Outside she pulled her scarf up to cover her nose and mouth as a blast of icy air blew against her. The walk back to the college complex wasn't normally one she enjoyed in such weather, but tonight her thoughts were occupied with the young man she had seen, and the information he had wanted.

Kiya shrugged her shoulders up against a particularly strong blast of wind and wished herself back home. The pattern she had drawn had surprised her by the pang of homesickness it had brought on and a reminder of how alien this city life was. She stopped and looked up, imagining lines of ropes criss-crossing between the buildings that in her mind's eye had become the sturdy, welcoming forests of home.

A jarring noise from a passing autocar broke her concentration, and her dream vanished, to be replaced by claustrophobia at the press of people and buildings. She looked back up at the stars, trying to locate her home planet, but the glittering dots were lost in a blur of tears.

She would have to pass her final exams soon. She couldn't stay here much longer and go back sane.

~~~~~~~~~~~~~~~~~~~~~~~~~

Kiya balanced easily on a broad branch several hundred spans from the forest floor. Reaching up, she snagged yet another of the busu fruit and placed it gently in the bag hanging round her neck. Glancing down she noted that she had picked as many of the fruit as she could easily carry down to her baskets on the Purple level and secured the flap before scrambling down through the thin, upper branches to where she could clip her harness onto the ropes once more.

Emptying the fruit into the basket, she paused to breathe in deeply, shutting her eyes to better enjoy the sounds and smells of the forest around her. The pure, green smell of home.

Her mind's eye traced the pattern of ropes between here and the settlement and she smiled to herself as she remembered how, suffering badly from homesickness, she had found herself doodling that pattern again and again round the corner of her notes. In the end she hadn't even bothered to change the pattern to confuse anyone who might look at her notes, and it was then that she had realised how desperately she needed to get back to the forests and away from the cold stone, glass and concrete of the city. Life on Rinatha had made her physically ill and it had been several weeks before she had returned to her healthy, cheerful self.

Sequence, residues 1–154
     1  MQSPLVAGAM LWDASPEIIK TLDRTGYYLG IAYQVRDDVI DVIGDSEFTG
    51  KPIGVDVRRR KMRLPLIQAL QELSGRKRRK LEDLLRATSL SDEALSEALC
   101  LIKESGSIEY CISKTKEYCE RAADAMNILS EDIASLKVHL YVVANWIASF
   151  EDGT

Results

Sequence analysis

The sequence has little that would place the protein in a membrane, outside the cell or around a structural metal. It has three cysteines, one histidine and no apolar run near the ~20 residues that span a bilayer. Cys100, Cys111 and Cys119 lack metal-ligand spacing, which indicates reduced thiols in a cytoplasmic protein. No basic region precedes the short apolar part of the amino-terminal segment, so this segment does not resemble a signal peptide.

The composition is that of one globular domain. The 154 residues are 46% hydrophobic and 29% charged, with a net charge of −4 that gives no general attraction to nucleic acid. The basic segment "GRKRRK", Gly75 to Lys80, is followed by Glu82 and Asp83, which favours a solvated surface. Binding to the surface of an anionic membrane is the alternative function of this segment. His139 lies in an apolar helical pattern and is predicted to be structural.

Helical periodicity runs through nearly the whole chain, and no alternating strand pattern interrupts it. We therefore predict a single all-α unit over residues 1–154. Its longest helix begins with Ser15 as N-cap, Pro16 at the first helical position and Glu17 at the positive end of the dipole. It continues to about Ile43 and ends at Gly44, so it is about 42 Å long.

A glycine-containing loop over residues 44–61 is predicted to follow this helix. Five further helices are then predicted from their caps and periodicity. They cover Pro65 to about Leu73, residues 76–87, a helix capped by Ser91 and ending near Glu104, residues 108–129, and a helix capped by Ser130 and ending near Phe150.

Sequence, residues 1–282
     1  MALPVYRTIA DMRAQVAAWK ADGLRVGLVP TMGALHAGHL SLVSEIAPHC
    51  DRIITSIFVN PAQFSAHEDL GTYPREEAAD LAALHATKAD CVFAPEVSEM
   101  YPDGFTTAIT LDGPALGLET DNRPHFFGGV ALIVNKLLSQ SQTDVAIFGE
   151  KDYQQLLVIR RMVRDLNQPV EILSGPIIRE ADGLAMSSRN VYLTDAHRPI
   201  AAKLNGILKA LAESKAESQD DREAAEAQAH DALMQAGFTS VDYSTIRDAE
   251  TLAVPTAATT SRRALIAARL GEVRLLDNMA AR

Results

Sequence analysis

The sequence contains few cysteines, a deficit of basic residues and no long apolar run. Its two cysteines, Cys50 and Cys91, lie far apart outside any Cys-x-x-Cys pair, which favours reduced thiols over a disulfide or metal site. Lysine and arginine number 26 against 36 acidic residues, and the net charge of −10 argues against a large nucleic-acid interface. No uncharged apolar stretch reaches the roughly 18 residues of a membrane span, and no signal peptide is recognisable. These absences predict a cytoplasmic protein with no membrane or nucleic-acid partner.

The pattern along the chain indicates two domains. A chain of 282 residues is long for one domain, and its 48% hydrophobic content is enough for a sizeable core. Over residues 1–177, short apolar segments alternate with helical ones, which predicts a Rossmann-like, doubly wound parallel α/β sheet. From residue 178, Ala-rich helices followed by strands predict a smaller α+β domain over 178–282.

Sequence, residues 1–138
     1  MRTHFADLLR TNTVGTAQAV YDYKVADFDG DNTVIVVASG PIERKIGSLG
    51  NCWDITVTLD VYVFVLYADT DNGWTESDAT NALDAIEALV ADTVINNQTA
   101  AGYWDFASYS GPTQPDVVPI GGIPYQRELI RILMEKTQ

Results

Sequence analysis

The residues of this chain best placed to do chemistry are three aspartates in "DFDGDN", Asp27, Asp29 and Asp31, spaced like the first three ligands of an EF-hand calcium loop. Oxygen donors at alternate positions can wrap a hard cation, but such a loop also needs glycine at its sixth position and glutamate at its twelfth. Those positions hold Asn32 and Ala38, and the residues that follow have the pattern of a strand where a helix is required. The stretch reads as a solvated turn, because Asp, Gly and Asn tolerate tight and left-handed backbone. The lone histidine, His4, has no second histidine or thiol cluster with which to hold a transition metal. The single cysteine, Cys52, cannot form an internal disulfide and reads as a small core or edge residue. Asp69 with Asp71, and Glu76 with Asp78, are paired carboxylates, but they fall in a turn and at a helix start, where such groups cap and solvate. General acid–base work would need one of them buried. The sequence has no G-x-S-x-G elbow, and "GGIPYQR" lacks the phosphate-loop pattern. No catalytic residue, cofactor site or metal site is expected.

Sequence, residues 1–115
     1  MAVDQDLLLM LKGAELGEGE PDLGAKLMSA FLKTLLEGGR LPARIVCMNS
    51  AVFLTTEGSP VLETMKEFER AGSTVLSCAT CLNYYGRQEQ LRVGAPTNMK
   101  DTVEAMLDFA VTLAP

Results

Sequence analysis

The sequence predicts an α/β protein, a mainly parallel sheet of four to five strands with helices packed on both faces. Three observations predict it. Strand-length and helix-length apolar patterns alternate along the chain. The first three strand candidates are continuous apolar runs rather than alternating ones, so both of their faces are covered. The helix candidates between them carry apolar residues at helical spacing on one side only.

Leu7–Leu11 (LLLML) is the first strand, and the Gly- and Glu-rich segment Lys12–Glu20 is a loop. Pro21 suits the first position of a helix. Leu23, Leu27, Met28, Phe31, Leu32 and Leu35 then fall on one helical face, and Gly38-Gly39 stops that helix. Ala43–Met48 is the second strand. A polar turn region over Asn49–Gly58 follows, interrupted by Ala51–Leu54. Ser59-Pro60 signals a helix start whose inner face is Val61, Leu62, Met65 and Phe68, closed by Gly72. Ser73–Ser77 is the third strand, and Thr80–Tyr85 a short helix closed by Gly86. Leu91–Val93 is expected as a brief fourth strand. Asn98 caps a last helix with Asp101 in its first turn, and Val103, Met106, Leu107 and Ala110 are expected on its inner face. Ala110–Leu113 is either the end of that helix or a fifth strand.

Distant whistle signals made her start guiltily and open her eyes, but she relaxed again when she realised that it wasn't a call for gatherers. Bending to rearrange the fruit more securely, Kiya absently listened to high-pitched signalling and heard that the hunters had managed to corner a yavaa bird. If she managed to get the fruit back quickly, the chefs might consider making busavaa stew for dinner. She pressed the lid onto the basket, secured the ties, clipped it onto the rope and gave it a solid push so that it's own weight would hopefully carry it to the first intersection. The large basket sailed quickly out of her sight, pushing between the dangling fronds of a teriaca plant, sending purple flowers and leaves showering down towards the ground. Grinning to herself at the imagery the fat basket brought to her mind, Kiya reached up to grab a swing seat so that she could travel more comfortably.

A piercing alarm whistle sounded, quickly echoed by the horn at her home settlement as two people proved their alertness. Kiya's head shot up in an automatic reaction to the alarm of something or someone falling, but could see nothing through the leaves of the trees above her. Dropping the seat, she moved her harness clip from the horizontal rope to the vertical climber and scrambled upwards, scraping off moss in her hurry.